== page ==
ApplyingScholarships and AidTake a ClassVisit UsDegree ProgramsAdmitted StudentsContact UsStudent Videos
Course OfferingsCommencementAcademic CalendarRegistrationMake a PaymentStudent HandbookMeadville Mail
Contextual LearningAffiliations & AccreditationsFacultyTrusteesNews & EventsCalendarsJob PostingsMap & Directions
Master of DivinityM.A. in ReligionM.A. in Leadership StudiesM.A. in Lay Community MinistryCourse OfferingsRegistrationTranscript RequestAcademic CalendarTeaching PastorsMultiracial/Crosscultural CoursesThe Fahs Collaborative
Wiggin Library FAQs
Here are frequently asked questions about the library.
If you don't see the answer to your question, contact the library and archives staff.
Using the Library
When is the library open during Intensives?
During Intensives, the library is open in the morning before classes from 8:00-9:00, during the lunch hours from 11:30-1:30, and most evenings after classes from 5:00-5:30. We are closed on Wednesday evenings for Vespers, and on Fridays because the building closes early on Fridays. If there are any changes to these times, the library staff will make every effort so that students know well in advance. We also post the library hours in Atherton Lounge and outside the library.
When is the library open the rest of the year?
Why is the library door locked?
Who can use the library?
To use the library, contact the library assistant. To use the archives, contact the archivist.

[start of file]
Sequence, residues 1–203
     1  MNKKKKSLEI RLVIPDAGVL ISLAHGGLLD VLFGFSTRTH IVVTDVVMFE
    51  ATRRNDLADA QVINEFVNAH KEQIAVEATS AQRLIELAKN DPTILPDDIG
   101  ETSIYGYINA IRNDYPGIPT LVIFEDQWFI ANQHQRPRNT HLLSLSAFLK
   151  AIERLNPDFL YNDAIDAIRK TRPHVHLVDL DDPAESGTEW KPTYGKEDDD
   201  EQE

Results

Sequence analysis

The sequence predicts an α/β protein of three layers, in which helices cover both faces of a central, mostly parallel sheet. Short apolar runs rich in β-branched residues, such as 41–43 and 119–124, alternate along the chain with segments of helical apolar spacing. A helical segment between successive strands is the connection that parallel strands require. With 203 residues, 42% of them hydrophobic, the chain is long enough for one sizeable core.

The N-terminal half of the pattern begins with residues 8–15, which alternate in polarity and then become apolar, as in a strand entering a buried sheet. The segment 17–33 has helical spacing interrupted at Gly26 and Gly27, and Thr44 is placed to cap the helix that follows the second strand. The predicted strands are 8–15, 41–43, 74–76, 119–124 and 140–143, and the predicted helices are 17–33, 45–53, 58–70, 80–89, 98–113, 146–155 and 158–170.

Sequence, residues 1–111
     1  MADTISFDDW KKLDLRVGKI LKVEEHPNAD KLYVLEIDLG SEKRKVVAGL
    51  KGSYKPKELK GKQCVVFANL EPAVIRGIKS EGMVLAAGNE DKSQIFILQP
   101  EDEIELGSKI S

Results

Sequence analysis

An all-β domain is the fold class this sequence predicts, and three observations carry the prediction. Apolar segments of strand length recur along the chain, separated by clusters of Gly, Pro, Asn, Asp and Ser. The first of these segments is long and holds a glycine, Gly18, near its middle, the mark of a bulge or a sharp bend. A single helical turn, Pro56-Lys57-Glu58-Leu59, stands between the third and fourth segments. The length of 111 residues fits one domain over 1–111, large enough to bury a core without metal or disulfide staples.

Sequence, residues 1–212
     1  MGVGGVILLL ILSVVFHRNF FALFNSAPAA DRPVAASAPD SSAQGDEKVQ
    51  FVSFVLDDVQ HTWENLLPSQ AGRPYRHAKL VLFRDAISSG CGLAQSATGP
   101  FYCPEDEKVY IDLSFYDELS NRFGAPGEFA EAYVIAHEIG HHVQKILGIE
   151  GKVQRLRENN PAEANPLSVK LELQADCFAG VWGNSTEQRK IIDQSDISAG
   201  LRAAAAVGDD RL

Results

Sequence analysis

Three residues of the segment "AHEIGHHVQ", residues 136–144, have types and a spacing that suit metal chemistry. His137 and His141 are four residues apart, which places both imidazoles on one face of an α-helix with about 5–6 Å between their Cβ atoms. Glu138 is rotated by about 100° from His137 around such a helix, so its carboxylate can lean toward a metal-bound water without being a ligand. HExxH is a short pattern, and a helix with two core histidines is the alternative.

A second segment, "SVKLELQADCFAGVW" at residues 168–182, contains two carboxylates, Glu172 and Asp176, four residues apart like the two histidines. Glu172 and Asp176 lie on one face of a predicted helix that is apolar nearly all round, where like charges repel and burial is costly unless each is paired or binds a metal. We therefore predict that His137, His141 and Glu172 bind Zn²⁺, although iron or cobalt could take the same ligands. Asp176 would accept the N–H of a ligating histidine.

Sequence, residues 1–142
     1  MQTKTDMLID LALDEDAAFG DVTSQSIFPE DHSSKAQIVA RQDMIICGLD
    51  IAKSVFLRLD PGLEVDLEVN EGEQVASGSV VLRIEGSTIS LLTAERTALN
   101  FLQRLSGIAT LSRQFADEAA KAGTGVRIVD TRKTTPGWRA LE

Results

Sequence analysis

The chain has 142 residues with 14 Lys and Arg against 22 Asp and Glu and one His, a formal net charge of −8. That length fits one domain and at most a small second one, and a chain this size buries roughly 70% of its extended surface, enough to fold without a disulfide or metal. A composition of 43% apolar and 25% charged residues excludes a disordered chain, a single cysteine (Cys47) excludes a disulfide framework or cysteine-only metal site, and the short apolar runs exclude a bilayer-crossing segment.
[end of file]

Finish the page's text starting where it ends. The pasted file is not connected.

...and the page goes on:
Can I use the library during times other than the posted hours?
Access to the library will be limited based on staff time. Users will not be allowed to use the library resources or space unless a member of the library and archives staff is present. This is for security reasons and we will work with you to minimize the inconvenience of this.
During times when Spertus's Asher Library is open, Wiggin Library users will not be able to get help from a member of library staff or use books on course reserve. Spertus's librarians are not able to help MLTS users with Meadville Lombard specific questions, and cannot check out books to MLTS users.
Can I eat or drink in the library?
Can I talk on the phone in the library?Out of respect to other library users, we ask that if you need to use your cell phone, you step into the hallway to do so. You are, of course, more than welcome to talk to people in person in the library, while being mindful of others who may be using the library.
How many books can I check out at once?
This depends on what type of user you are. There’s no limit on the number of books enrolled students and faculty can check out. Other types of users, including unenrolled MLTS students, alumni, UU religious professionals, unaffiliated researchers, and members of the larger UU community are limited to 3 books at a time.
How do I check out a book?
To check out a book during the rest of the year, call or email the librarian. In the email, send as much information as you can, including at least the title and author of the book, and your address. The librarian will email you back as soon as possible to let you know when the book has been checked out to you, and when it is in the mail to you.
How do I return a book?
You can get material from other libraries in two ways: through interlibrary loan, and through I-Share.
I-Share allows you to request books from any of the 86 participating libraries in Illinois -- nearly every 2- and 4-year college and university in the state! In order to use I-Share, you need to request a library account that's elligible for I-Share. Once you have your library account set up, you can create your I-Share account. You can request books from any library, and you can check them out or return them at any I-Share library too. If you don't live near an I-Share library, you can still request your books through I-Share and have them delivered to MLTS. Our staff will mail the books to you.